Sea Wall / A Life Director Carrie Cracknell Would Rather You Forget She Was Ever There
If Tom Sturridge and Jake Gyllenhaal don't sound like actors, Cracknell has done her job.
Highlights from director Carrie Cracknell's theatrical résumé include productions of Medea, Elektra, Hedda Gabler (a modern adaptation by Lucy Kirkwood), and A Doll's House — a production that introduced New Yorkers to her work when she brought it from London's Young Vic to BAM in 2014. Bold classics, often featuring powerful female leads, have been Cracknell's specialty. And yet, the London-based artist is making her Broadway debut with an evening of two monologues: Simon Stephens's Sea Wall, performed by Tom Sturridge, and Nick Payne's A Life, performed by Jake Gyllenhaal.
The two pieces, which Sturridge and Gyllenhaal first performed this past February at the Public Theater, take on three sprawling topics: life, death, and parenthood. Shifting away from her usual dramatic flare, Cracknell's objective has been to turn those big ideas into humble conversations with an audience. "There is a sense with both pieces that you could be sitting next to them in a restaurant or on a train," she says, "and have no sense of what they're experiencing." Of course by the time you leave, all of that will have changed.
How did these two pieces find their way to you and then to each other?
I began this conversation with Jake after he'd seen a show of mine at the National. He had had a long-standing interest in what was then called The Art of Dying and has become A Life. I had seen The Art of Dying — the original work that Nick [Payne] made — when he performed it at the Royal Court, and it was such a sensitive and honest piece by Nick that at first I think Nick didn't feel that he wanted to revisit it. He couldn't even really imagine anyone else performing it because he had written it for himself to perform. And then Jake and I started collaborating with Nick, and we had this idea for him to start thinking about how it had felt for him to become a father, as well as talking about the loss of his own father. So he then went on an extraordinary journey to rewrite the piece and to try and find a new angle on it so it could fit Jake's voice. It has become a piece that's written from a totally different direction with the context of loss inside it. In a way it's about becoming a man — the transition from being a child to the acceptance of the responsibility of parenthood.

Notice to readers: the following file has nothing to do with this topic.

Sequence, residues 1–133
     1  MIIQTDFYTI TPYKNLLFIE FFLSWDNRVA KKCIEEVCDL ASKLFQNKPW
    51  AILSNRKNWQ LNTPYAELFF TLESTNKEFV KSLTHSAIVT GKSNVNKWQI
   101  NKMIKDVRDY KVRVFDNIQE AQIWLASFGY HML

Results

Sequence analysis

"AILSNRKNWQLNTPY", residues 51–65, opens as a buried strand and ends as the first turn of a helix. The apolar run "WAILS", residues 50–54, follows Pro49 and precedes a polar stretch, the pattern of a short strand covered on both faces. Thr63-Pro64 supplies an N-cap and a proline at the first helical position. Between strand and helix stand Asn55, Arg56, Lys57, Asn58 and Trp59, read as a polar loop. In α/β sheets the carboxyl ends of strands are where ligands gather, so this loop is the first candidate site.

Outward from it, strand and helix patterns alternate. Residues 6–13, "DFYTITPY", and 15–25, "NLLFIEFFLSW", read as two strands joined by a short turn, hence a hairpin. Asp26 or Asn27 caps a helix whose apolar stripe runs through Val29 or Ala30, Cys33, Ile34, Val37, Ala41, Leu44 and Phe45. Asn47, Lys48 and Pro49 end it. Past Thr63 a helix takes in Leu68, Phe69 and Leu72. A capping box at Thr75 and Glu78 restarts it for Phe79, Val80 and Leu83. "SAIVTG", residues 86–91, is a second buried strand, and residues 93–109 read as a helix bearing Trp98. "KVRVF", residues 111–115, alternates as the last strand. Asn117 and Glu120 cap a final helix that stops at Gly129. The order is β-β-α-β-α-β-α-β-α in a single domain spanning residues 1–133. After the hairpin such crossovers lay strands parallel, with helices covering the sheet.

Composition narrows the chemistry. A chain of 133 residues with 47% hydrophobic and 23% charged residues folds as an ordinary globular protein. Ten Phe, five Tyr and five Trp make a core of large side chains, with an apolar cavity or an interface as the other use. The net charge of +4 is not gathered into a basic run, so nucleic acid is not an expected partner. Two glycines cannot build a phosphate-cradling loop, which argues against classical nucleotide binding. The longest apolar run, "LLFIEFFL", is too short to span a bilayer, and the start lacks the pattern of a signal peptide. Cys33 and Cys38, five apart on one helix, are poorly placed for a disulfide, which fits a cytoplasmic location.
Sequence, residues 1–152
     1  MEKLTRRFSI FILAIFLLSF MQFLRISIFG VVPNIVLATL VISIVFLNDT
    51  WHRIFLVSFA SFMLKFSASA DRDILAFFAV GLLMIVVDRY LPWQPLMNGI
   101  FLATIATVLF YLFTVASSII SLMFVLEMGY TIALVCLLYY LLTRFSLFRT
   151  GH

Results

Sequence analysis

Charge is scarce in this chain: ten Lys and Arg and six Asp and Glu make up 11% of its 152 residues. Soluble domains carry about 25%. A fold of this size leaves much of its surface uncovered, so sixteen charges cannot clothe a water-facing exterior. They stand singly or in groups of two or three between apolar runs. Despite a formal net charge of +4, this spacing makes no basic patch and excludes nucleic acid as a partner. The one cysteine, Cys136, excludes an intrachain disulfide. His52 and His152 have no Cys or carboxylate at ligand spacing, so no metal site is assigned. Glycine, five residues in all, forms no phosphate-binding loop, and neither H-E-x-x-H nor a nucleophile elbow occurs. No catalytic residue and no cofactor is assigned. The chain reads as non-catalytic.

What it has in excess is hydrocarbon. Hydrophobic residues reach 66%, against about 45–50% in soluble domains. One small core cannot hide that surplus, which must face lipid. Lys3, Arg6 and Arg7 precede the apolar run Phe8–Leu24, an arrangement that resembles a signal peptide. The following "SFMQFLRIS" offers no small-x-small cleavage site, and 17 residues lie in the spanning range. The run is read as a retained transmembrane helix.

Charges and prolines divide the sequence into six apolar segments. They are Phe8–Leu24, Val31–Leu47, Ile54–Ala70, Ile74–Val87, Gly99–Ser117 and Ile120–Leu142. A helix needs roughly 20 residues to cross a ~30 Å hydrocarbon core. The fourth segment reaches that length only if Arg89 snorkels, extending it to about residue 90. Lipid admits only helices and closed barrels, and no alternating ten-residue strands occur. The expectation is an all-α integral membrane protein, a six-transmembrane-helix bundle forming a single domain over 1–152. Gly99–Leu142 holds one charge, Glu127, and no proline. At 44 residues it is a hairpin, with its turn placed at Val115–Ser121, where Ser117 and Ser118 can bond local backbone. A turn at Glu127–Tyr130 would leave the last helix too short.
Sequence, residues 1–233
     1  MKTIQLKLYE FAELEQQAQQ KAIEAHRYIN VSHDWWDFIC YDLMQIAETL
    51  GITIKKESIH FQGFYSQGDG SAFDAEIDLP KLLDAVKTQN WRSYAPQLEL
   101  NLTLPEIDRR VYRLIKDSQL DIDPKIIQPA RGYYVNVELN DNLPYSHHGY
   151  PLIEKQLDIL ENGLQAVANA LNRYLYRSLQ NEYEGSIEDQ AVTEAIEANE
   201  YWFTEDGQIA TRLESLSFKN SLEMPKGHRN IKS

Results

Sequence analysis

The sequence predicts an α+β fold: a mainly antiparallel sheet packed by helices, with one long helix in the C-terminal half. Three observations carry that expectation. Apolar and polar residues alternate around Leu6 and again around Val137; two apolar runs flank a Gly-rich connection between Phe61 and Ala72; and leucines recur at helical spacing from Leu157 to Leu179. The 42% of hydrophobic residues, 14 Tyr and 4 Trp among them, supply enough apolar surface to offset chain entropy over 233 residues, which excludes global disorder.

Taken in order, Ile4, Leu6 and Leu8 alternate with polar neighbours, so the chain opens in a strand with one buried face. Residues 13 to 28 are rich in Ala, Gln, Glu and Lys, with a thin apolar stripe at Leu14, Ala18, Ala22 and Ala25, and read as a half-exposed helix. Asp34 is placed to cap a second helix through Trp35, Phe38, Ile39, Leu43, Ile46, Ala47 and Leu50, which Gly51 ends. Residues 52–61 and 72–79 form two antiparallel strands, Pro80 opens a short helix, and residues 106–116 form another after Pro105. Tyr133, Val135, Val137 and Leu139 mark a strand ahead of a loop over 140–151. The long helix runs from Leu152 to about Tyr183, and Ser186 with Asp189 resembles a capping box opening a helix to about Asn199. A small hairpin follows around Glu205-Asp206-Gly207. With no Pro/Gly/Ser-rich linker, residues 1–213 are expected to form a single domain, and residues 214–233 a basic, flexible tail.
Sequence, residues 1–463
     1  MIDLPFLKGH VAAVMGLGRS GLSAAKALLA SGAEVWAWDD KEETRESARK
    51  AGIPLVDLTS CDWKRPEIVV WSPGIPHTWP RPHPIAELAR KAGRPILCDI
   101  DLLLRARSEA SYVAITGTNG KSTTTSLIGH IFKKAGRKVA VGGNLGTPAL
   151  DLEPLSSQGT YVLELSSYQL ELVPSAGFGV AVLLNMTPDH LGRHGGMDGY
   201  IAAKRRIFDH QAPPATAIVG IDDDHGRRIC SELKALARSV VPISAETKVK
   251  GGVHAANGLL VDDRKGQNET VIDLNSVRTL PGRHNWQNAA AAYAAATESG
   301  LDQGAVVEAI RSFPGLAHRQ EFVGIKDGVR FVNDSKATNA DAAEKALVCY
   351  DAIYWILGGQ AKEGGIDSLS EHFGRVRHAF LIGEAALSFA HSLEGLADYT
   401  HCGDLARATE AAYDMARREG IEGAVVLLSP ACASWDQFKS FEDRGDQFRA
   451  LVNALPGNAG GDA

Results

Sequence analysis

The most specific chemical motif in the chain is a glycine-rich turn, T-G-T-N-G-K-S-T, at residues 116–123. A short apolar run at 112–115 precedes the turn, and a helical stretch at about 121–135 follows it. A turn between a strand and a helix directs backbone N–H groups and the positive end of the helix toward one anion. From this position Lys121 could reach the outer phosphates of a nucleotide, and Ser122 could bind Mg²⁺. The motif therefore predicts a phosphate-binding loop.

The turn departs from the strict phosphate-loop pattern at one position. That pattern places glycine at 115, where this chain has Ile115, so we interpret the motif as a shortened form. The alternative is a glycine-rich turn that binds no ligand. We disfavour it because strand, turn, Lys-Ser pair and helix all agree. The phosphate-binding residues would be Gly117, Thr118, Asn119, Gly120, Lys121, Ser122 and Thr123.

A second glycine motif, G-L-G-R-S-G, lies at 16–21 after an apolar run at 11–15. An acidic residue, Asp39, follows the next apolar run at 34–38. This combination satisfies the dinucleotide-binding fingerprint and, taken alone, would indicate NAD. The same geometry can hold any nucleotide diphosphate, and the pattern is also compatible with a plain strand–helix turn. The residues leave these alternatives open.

Simon's Sea Wall had a long performance history here in the UK, and the two pieces felt like a really interesting partnership because they both explore quite similar themes but from slightly different directions. They're almost like the emotional inversion of each other — they sort of click together in this really satisfying way.
What would you say are the qualities that make Nick Payne's and Simon Stephens's writing distinct — both in general and from one another?
Nick's writing has always been defined by a really interesting combination of deep humanity and a very playful interest in form and structure — and in a way that's often really revealing of its subject matter. Simon's writing is so expansive and has such range. He's probably the most performed living playwright in the world. Simon's writing has a vivid theatrical imagination and sharpness to it, and it's often really surprising internally. What I love about both of these pieces is they feel very autobiographical. There's something really compelling about seeing these two writers, who are masters of the form, revealing something of themselves.
As someone who directs a lot of big, classic plays, what were the challenges in directing something as small and intimate as Sea Wall / A Life?
There was a need for humility in the direction, which I really enjoyed. I think the really beautiful thing about it was learning to have confidence and faith in the writing and the acting. It was a very different way of making, and it felt quite pure and meditative in a way. Everything became about the detail. It was really important to me that we explore this organic connection between the actors and the audience, so that it would feel at times quite unperformed. I love stage pictures and light and sound and all of the tools in the kit but sometimes they can push an audience away. So we really purposefully shied away from trying to do complex stagecraft.
Are you in completely new territory with this production, or is there a link between Sea Wall / A Life and your other work?
I've always been interested in trying to slightly subvert the way that we frame stories and the way that we understand men and women and the way that we understand gender roles. Typically that's led me toward big complicated female protagonists, but actually there's something really striking about this, because it allows a male perspective on vulnerability and fragility and the profound change that can happen when you become a parent. Once you become a parent, you're never truly safe again, and I think that's as true for men as it is for women. We live in a culture where we still tend to tell stories about difficult, diffident, dangerous male protagonists and the women in their lives. I think if we want the world to become more equal and more progressive then we have to focus as much on releasing men from traditional binding roles as we do for women.